“He has sat on the fence so long the iron has entered his soul” Lloyd George


Kim 03.16.08 at 5:57 pm

James, now you are being embarrassingly ridiculous. Your two options - Spongian liberalism and “The Bible says” fundamentalism - make the entire history of the church, from the the second century Apologists to contemporary Radical Orthodoxy, quite simply unintelligible. To steal Nietzsche’s great image, you do theology with a hammer - which is why it isn’t surprising that everyone seems to look to you like a nail. Slow down, please, and learn to be more discriminating.


Methodist Preacher 03.16.08 at 5:57 pm

Bene D.

One of the good things about blogging is that you get to know some really good people.

One of the downsides is that you get abused by someone you don’t know.

A major problem with Connexions is that it quickly descends into personal abuse.

One of the reasons why these days I only observe and rarely participate. It isn’t worth the abuse.


James 03.16.08 at 6:32 pm

“James, now you are being embarrassingly ridiculous.”

OK. I note you haven’t actually given any logical reasons why. Why is Galations 3:28 a valid passage and Romans 1:27 not?


PamBG 03.16.08 at 7:51 pm

There can only be two schools of thought:

There can only be two schools of thought? This is something that you can just state authoritatively, with no argument whatsoever? Case closed? No other viewpoints allowed? And you say it without nary a bit of theological, biblical or rational defence? It is very rare that there are ever only two points of view on any subject.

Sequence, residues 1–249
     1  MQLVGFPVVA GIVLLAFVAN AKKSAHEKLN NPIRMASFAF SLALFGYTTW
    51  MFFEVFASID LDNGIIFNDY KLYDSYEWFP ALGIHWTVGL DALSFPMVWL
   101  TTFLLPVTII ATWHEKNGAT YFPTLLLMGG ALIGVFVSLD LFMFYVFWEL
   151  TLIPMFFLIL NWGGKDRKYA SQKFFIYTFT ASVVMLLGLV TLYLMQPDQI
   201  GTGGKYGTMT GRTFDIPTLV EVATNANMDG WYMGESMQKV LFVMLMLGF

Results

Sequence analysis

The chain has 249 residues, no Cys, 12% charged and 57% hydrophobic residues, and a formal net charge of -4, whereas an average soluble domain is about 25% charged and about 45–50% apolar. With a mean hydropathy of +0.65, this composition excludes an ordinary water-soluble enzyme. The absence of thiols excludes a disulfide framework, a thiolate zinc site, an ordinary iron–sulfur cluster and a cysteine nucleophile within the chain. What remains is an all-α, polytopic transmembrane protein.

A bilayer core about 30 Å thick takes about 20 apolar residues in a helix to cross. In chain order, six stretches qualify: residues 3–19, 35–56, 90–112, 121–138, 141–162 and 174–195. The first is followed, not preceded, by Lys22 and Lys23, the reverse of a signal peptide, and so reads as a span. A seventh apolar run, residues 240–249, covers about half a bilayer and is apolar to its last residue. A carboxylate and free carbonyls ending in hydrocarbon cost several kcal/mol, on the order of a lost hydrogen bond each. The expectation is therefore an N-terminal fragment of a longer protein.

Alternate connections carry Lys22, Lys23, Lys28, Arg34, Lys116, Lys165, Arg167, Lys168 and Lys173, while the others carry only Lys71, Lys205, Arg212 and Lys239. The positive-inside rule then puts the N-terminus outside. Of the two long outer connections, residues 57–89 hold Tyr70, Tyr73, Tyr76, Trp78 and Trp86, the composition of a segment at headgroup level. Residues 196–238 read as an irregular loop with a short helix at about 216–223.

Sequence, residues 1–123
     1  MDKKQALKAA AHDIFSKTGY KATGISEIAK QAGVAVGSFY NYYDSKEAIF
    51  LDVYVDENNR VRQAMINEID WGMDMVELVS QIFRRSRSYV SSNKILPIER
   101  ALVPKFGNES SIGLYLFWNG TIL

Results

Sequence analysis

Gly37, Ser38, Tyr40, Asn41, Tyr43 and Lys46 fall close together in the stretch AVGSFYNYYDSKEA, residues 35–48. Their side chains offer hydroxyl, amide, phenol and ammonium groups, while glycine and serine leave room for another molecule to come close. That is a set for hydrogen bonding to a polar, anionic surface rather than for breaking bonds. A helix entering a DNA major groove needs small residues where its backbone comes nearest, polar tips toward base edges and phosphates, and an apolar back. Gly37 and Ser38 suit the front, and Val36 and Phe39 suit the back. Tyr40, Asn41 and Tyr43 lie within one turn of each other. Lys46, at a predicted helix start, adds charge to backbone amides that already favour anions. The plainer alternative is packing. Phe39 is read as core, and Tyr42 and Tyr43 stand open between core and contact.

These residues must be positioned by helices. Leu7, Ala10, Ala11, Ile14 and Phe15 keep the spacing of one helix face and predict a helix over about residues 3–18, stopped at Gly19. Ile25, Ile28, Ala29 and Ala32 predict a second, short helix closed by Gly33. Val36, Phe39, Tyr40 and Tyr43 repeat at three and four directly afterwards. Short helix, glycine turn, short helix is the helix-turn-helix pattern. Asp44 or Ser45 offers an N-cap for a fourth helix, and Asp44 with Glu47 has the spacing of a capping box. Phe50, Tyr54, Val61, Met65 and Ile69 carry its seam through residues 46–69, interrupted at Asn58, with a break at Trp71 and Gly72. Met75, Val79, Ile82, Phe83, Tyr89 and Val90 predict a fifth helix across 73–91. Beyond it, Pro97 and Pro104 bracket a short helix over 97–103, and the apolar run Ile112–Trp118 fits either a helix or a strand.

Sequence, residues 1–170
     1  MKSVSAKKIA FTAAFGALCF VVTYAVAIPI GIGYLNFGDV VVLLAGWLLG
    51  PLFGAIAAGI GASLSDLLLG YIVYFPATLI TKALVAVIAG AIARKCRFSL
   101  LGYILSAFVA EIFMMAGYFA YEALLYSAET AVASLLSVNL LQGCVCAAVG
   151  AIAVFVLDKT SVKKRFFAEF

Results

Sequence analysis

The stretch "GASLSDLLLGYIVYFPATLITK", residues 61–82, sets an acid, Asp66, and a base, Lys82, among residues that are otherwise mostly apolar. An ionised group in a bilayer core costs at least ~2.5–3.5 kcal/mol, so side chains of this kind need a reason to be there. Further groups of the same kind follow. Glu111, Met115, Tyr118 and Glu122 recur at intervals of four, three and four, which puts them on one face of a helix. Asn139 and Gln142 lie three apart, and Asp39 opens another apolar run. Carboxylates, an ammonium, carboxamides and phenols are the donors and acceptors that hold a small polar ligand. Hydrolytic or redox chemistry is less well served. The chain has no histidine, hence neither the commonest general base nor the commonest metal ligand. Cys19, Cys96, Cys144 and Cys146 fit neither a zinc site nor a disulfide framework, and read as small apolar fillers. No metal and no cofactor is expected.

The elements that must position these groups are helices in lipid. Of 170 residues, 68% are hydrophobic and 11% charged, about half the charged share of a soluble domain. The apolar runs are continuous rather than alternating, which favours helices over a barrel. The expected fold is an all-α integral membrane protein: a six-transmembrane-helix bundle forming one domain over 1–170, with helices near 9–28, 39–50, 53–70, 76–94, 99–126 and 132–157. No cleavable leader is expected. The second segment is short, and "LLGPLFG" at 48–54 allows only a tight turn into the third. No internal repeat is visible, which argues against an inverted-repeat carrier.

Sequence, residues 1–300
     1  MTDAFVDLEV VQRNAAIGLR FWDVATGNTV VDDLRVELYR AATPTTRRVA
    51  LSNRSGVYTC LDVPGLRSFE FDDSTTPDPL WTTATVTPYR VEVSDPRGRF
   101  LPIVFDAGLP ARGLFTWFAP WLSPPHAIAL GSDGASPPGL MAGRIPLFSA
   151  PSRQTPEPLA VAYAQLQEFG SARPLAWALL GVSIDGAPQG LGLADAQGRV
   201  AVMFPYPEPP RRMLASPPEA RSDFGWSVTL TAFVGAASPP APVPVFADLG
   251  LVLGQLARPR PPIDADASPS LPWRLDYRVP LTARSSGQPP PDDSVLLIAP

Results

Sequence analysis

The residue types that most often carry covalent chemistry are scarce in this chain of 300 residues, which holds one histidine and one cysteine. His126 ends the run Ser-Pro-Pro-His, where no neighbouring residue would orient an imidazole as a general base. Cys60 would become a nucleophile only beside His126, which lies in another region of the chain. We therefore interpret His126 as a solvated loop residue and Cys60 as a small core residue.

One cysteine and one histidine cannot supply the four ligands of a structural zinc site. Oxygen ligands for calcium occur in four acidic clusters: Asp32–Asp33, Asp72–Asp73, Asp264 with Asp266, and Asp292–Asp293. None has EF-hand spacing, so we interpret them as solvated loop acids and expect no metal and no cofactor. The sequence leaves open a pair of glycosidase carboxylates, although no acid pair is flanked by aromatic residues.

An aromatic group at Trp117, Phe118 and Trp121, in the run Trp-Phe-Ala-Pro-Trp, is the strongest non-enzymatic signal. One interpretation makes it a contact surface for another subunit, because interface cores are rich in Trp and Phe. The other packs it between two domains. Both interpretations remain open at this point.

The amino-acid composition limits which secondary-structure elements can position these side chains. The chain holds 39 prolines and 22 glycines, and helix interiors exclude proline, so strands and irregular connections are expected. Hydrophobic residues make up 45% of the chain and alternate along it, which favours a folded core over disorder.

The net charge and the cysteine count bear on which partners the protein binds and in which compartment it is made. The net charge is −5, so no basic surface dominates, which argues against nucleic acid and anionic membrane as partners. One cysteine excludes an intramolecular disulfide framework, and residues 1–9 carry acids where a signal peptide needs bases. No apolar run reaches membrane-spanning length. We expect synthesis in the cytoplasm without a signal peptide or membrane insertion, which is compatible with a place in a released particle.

And see Kim’s post.

As far as this statement goes: You will accept his teachings about Grace and the Love of of God as universal truths, but when it comes to other things like wrath and homosexuality you say his view belongs to his time.

My precise question to you is that you appear to be happy to accept biblical statements about wrath yet when it comes to Jesus’ teachings about grace and the love of God and not casting the first stone, you don’t even seem to believe that these come into the picture? How do you justify your approach?

And my answer to these questions is that we both have to wrestle with the contradictions - you and I. And we might come out with different answers.

Just as you keep repeating your Pauline question over and over, I could equally just keep asking you over and over ‘Why do you ignore Jesus’ command that only he who is without sin should cast the first stone?’ But that wouldn’t really result in a conversation. I have to say that I’m amazed that you seem to think that the teachings of Jesus have little to do with Christianity?


Richard 03.16.08 at 10:42 pm

James - You ask: “Why is Galations 3:28 a valid passage and Romans 1:27 not?”
The answer is of course that they’re both ‘valid’ (whatever that means, but they both need interpretation if we’re to understand what they mean.
You suggest that the only available alternatives are (essentially) fundamentalism or the liberalism of Spong but, as others have tried to say, there are a huge variety of different approaches to scripture. If I’m reading you correctly — and I accept I may not be — you appear to believe that ‘inspiration’ has to mean that the scriptures were dictated. If you’re interested in exploring some of these issues a bit more deeply, see if you can track down a copy of Stephen Dawes’ little book, “Why Bible-believing Methodists Shouldn’t Eat Black Pudding”. It’s a very valuable introduction.

David - I’m sorry you feel that way, but if connexions bothers you that way I don’t think anyone forces ou to come here. For what it’s worth, I no longer feel able to comment at your site either, so maybe we’re quits. I’ve got no interest in falling out with you. Life’s too short.


BD 03.17.08 at 1:15 am

“One of the downsides is that you get abused by someone you don’t know.
A major problem with Connexions is that it quickly descends into personal abuse.”